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Sept. 26, 2020

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Martinez: Hopes of some kind of high school sports this fall still alive in White Salmon

High school sports

By , Columbian Assistant Sports Editor
Published:

The last hope of having any form of high school sports this fall appeared to have flickered out last week, when the three Greater St. Helens Leagues announced they were pushing their remaining fall sports to March and April.

But there is still a glimmer of hope deep in the Columbia River Gorge.

Howard Kreps, the longtime athletic director at Columbia High School in White Salmon, is holding out hopes that his school can host two or three high school cross country meets this fall.

“Our (COVID-19) numbers in the gorge have been improving,” Kreps said. “And if they can keep improving and there’s a chance we can run a meet safely, then I want to keep that window open. I just want to give our kids something this fall. I’ve got 20-25 of them who have been out running this summer. I want to give them hope, even if it’s a long shot.”

Kreps said he understands the decisions made be other Trico League schools like Castle Rock and La Center, which opted to moving cross country to Season 3 of the WIAA amended 2020-21 calendar, particularly after those schools announced they would open the school year with remote learning.

White Salmon schools are also starting 2020-21 with remote learning, but hope to move to a hybrid of in-person and remote learning soon thereafter, if conditions allow.

That would open to the door for cross country.

“We wouldn’t be able to host a meet until late September,” Kreps said. “But that still gives us six or seven weeks to see what will happen.”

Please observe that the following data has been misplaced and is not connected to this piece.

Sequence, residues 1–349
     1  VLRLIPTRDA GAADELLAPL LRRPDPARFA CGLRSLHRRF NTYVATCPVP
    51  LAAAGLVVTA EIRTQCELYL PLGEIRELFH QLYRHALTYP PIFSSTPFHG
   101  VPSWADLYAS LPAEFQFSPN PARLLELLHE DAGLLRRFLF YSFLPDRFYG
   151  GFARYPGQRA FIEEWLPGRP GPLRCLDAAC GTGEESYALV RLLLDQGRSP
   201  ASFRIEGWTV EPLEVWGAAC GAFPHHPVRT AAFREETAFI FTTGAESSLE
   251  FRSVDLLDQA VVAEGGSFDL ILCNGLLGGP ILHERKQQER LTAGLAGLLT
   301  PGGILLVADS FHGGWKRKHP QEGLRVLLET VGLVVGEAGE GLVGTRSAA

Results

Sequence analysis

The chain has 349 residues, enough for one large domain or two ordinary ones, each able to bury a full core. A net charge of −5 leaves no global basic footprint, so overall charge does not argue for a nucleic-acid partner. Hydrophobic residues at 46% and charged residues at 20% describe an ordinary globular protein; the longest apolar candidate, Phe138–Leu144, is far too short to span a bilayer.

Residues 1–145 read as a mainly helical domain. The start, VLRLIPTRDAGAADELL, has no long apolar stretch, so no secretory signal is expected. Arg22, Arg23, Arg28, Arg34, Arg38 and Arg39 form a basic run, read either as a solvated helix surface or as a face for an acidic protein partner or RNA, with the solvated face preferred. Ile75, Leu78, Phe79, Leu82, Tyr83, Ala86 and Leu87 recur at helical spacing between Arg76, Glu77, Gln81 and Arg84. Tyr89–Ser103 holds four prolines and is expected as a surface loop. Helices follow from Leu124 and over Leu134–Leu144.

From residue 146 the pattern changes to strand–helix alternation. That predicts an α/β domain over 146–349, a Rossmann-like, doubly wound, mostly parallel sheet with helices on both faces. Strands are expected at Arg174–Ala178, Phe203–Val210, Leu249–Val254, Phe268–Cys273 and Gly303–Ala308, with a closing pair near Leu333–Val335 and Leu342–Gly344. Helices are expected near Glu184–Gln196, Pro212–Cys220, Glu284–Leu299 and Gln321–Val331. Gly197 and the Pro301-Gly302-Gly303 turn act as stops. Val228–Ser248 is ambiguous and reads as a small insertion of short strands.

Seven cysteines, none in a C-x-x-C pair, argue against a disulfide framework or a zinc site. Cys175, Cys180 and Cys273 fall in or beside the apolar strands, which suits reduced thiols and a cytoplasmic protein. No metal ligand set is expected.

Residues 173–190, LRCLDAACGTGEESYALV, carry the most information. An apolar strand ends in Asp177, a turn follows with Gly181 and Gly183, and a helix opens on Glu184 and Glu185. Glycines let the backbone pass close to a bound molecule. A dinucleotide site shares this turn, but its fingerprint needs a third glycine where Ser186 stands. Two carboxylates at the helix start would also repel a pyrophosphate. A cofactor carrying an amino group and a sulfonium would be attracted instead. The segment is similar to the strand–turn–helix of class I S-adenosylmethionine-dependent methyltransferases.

Vancouver private schools King’s Way Christian and Seton Catholic, both of which have plans to provide face-to-face learning this fall, also have left the option of having their athletes participate in cross country this fall.

The idea is for the Bruins to run two or three meets this fall from late September into October, then complete their schedule in Season 3 when the other Trico teams could join the action.

“We feel like we can hold a meet and do it safely,” Kreps said. “Our course is set up so that you can see most of it from one spot. So if we need to keep people in their cars to watch, we’ll do that. We can have an extra long finish chute to keep runners apart, and we can start them off in waves.”

Kreps has also heard from other schools from Southwest Washington, especially those from smaller communities that have been less impacted by the pandemic, that would be interested in running, if one can be held in White Salmon this fall.

So the gorge could be a popular destination this fall.

“I’m even hearing from people in Oregon saying ‘Hey, we aren’t going to have a season this fall, but can our kids come to your meet and run as individuals?’ ” Kreps said. “I’m having to tell them to wait, while I check and see about that.

“Normally, when people want to come to a cross country meet, you’re like ‘the more, the merrier.’ But this year, we may have to take a different approach. I just don’t want people showing up unannounced.”

The school’s cross country course already had one unexpected visitor on Monday.

“I was out by our course this morning and I spotted a black bear out there munching on some blackberries,” Kreps said. “I don’t have enough issues already, now I have to deal with a bear, too?”

Kreps estimates the chances of pulling off this abbreviated fall season for cross country is less than 50-50. But as long as there is a chance, he’s not going to close that door just yet.

“I don’t want to be critical of anyone because I know there are a lot of factors at play,” he said. “I just kind of feel like there have been a lot of decisions made just a little too quickly. We have some time, so let’s just see what happens.”

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